heavy

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English[edit]

Etymology 1[edit]

From Middle English hevy, heviȝ, from Old English hefiġ, hefeġ, hæfiġ (heavy; important, grave, severe, serious; oppressive, grievous; slow, dull), from Proto-Germanic *habīgaz (heavy, hefty, weighty), from Proto-Indo-European *keh₂p- (to take, grasp, hold), equivalent to heave +‎ -y. Cognate with Scots hevy, havy, heavy (heavy), Dutch hevig (violent, severe, intense, acute), Middle Low German hēvich (violent, fierce, intense), German hebig (cf. heftig (fierce, severe, intense, violent, heavy)), Icelandic höfugur (heavy, weighty, important), Latin capāx (large, wide, roomy, spacious, capacious, capable, apt).

Pronunciation[edit]

Adjective[edit]

heavy (comparative heavier, superlative heaviest)

Four men lifting a heavy sideboard.
  1. (of a physical object) Having great weight.
    • 1898, Winston Churchill, chapter 2, The Celebrity:
      Sunning himself on the board steps, I saw for the first time Mr. Farquhar Fenelon Cooke. [] A silver snaffle on a heavy leather watch guard which connected the pockets of his corduroy waistcoat, together with a huge gold stirrup in his Ascot tie, sufficiently proclaimed his tastes.
  2. (of a topic) Serious, somber.
  3. Not easy to bear; burdensome; oppressive.
    heavy yokes, expenses, undertakings, trials, news, etc.
    • Bible, 1 Sam. v. 6
      The hand of the Lord was heavy upon them of Ashdod.
    • Shakespeare
      The king himself hath a heavy reckoning to make.
    • Wordsworth
      Sent hither to impart the heavy news.
  4. (UK, slang, dated) Good.
    This film is heavy.
  5. (dated, late 1960s, 1970s, US) Profound.
    The Moody Blues are, like, heavy.
  6. (of a rate of flow) High, great.
  7. (slang) Armed.
    Come heavy, or not at all.
  8. (music) Louder, more distorted.
    Metal is heavier than swing.
  9. (of weather) Hot and humid.
  10. (of a person) Doing the specified activity more intensely than most other people.
    He was a heavy sleeper, a heavy eater and a heavy smoker - certainly not an ideal husband.
  11. (of food) High in fat or protein; difficult to digest.
    Cheese-stuffed sausage is too heavy to eat before exercising.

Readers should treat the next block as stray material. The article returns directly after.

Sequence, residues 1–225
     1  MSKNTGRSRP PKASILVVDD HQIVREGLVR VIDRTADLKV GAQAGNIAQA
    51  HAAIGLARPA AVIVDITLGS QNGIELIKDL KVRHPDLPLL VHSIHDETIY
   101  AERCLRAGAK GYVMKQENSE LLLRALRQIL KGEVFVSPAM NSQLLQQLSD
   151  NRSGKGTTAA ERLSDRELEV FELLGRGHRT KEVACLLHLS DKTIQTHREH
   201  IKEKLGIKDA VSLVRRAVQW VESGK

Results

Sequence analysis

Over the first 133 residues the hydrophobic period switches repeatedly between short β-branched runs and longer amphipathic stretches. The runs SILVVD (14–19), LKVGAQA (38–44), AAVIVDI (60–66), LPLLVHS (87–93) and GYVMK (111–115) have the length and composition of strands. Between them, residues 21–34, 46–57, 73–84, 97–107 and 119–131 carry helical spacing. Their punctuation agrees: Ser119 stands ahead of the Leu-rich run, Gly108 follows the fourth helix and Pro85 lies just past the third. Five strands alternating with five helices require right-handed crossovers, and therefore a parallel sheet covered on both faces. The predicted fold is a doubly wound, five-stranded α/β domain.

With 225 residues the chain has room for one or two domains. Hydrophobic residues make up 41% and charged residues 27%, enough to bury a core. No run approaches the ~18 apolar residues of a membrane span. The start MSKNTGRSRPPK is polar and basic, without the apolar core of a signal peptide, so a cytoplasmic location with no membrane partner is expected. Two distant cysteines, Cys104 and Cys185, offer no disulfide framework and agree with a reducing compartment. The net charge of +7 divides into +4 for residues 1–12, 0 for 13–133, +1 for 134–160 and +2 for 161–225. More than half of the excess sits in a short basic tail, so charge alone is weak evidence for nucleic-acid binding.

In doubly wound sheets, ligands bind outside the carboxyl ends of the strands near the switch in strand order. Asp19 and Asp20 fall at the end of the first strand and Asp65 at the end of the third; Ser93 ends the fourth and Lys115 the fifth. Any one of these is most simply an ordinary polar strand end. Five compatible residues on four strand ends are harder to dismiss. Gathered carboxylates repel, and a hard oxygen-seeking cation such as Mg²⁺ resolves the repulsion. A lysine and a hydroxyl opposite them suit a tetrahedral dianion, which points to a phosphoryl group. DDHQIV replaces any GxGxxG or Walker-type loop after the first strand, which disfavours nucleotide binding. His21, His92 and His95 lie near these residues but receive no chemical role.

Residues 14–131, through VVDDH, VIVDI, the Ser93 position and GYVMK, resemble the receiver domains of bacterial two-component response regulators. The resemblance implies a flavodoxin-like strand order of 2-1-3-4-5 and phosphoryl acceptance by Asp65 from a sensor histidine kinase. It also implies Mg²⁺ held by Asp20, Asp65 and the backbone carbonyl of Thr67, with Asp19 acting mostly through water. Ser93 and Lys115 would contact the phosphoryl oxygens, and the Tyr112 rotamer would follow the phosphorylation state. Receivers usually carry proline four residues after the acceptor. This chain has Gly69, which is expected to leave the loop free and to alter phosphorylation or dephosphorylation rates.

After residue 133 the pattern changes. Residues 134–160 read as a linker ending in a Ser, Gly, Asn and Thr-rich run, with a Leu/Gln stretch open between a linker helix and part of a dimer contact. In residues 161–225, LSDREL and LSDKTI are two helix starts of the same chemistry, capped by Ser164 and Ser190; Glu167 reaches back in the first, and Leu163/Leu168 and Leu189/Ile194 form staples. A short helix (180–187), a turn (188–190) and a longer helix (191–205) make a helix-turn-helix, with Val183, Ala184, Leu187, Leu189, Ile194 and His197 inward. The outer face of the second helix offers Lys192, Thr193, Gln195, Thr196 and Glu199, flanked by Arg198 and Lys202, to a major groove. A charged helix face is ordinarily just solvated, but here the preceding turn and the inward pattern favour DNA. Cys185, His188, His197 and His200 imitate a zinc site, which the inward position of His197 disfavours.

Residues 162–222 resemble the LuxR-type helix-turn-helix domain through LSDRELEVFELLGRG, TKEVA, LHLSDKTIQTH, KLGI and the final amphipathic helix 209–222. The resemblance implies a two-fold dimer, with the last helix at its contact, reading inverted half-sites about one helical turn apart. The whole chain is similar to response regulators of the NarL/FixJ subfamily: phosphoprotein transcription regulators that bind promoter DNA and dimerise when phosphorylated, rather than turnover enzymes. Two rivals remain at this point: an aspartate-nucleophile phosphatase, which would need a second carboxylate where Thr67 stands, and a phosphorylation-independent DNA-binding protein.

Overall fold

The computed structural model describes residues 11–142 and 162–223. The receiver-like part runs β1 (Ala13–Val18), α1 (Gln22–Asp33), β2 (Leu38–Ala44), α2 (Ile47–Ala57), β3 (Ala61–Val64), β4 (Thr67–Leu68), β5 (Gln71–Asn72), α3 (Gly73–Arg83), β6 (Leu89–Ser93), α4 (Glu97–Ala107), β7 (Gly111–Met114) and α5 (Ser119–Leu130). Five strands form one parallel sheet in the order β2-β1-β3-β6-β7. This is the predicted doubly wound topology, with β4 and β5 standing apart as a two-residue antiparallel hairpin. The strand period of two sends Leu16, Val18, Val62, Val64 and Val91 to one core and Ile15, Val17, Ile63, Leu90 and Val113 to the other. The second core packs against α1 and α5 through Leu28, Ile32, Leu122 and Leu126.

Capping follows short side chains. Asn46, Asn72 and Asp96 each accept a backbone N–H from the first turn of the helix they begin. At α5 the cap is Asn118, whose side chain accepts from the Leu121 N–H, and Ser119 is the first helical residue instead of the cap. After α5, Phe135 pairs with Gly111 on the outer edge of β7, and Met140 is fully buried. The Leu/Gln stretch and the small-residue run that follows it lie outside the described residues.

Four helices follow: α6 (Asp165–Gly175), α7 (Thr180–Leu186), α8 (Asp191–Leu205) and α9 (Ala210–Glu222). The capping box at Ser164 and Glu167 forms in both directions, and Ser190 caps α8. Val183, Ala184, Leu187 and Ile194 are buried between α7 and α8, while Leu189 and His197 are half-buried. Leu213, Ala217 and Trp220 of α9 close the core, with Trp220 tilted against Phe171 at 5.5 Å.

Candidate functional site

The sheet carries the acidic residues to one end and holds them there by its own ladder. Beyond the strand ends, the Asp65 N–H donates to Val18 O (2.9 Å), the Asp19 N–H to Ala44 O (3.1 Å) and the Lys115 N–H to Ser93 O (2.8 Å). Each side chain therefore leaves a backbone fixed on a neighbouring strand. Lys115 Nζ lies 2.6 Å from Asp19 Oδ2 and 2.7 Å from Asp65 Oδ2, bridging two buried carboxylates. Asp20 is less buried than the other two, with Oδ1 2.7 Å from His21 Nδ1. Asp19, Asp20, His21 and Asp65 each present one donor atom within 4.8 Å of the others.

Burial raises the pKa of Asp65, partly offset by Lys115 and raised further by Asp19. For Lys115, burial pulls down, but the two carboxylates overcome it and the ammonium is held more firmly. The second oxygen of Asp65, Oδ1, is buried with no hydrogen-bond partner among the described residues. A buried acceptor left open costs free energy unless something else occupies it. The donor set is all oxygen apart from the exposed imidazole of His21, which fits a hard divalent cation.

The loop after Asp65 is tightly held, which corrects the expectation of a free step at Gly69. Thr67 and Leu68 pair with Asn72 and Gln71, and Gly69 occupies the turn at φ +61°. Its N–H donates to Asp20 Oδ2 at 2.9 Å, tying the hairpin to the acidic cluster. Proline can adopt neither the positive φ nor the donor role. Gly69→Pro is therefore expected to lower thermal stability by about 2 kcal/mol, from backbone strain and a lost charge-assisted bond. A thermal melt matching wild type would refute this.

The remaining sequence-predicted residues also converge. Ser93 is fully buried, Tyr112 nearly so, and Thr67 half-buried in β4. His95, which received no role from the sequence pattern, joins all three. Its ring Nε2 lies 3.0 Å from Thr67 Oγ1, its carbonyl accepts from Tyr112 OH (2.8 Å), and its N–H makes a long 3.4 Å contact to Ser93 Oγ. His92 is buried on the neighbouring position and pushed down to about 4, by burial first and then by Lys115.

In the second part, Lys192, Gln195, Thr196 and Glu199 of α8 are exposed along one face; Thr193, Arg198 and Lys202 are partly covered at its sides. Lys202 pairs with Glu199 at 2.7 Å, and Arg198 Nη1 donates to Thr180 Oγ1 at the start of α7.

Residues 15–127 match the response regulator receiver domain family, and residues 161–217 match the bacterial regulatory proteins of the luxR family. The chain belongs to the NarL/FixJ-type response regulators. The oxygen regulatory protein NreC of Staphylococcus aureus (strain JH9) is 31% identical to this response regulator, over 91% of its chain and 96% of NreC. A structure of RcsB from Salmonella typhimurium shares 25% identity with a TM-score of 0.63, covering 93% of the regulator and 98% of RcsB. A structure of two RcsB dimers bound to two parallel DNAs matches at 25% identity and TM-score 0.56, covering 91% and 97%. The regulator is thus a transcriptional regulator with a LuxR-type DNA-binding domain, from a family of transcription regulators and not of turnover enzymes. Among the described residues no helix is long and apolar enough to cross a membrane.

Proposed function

12. Of great force, power, or intensity; deep or intense.
    • 1918, Edgar Rice Burroughs, The Land That Time Forgot Chapter IV
      The surf was not heavy, and there was no undertow, so we made shore easily, effecting an equally easy landing.
    • 2013 July 20, “Out of the gloom”, The Economist, volume 408, number 8845: 
      [Rural solar plant] schemes are of little help to industry or other heavy users of electricity. Nor is solar power yet as cheap as the grid. For all that, the rapid arrival of electric light to Indian villages is long overdue. When the national grid suffers its next huge outage, as it did in July 2012 when hundreds of millions were left in the dark, look for specks of light in the villages.
    it was a heavy storm;  a heavy slumber in bed;  a heavy punch
  13. Laden to a great extent.
    his eyes were heavy with sleep;  she was heavy with child
  14. Laden with that which is weighty; encumbered; burdened; bowed down, either with an actual burden, or with grief, pain, disappointment, etc.
    • Chapman
      The heavy [sorrowing] nobles all in council were.
    • Shakespeare
      A light wife doth make a heavy husband.
  15. Slow; sluggish; inactive; or lifeless, dull, inanimate, stupid.
    a heavy gait, looks, manners, style, etc.
    a heavy writer or book
    • Shakespeare
      whilst the heavy ploughman snores
    • Dryden
      a heavy, dull, degenerate mind
    • Bible, Is. lix. 1
      Neither [is] his ear heavy, that it cannot hear.
  16. Impeding motion; cloggy; clayey.
    a heavy road; a heavy soil
  17. Not raised or leavened.
    heavy bread
  18. Having much body or strength; said of wines or spirits.
  19. (obsolete) With child; pregnant.
Synonyms[edit]
Derived terms[edit]

Look at pages starting with heavy.

Translations[edit]

Adverb[edit]

heavy (comparative more heavy, superlative most heavy)

  1. heavily
    heavy laden with their sins
  2. (India, colloquial) very

Noun[edit]

heavy (plural heavys or heavies)

  1. A villain or bad guy; the one responsible for evil or aggressive acts.
    With his wrinkled, uneven face, the actor always seemed to play the heavy in films.
  2. (slang) A doorman, bouncer or bodyguard.
    A fight started outside the bar but the heavies came out and stopped it.
  3. (aviation) A large multi-engined aircraft.
    The term heavy normally follows the call-sign when used by air traffic controllers.
Translations[edit]

Verb[edit]

heavy (third-person singular simple present heavies, present participle heavying, simple past and past participle heavied)

  1. (often with "up") To make heavier.
  2. To sadden.
  3. (Australia, New Zealand, informal) To use power and/or wealth to exert influence on, e.g., governments or corporations; to pressure.
    The union was well known for the methods it used to heavy many businesses.
    • 1985, Australian House of Representatives, House of Representatives Weekly Hansard, Issue 11, Part 1, page 1570,
      [] the Prime Minister sought to evade the simple fact that he heavied Mr Reid to get rid of Dr Armstrong.
    • 2001, Finola Moorhead, Darkness More Visible, Spinifex Press, Australia, page 557,
      But he is on the wrong horse, heavying me. My phone′s tapped. Well, he won′t find anything.
    • 2005, David Clune, Ken Turner (editors), The Premiers of New South Wales, 1856-2005, Volume 3: 1901-2005, page 421,
      But the next two days of the Conference also produced some very visible lobbying for the succession and apparent heavying of contenders like Brereton, Anderson and Mulock - much of it caught on television.

Etymology 2[edit]

heave +‎ -y

Adjective[edit]

heavy (comparative more heavy, superlative most heavy)

  1. Having the heaves.
    a heavy horse

Statistics[edit]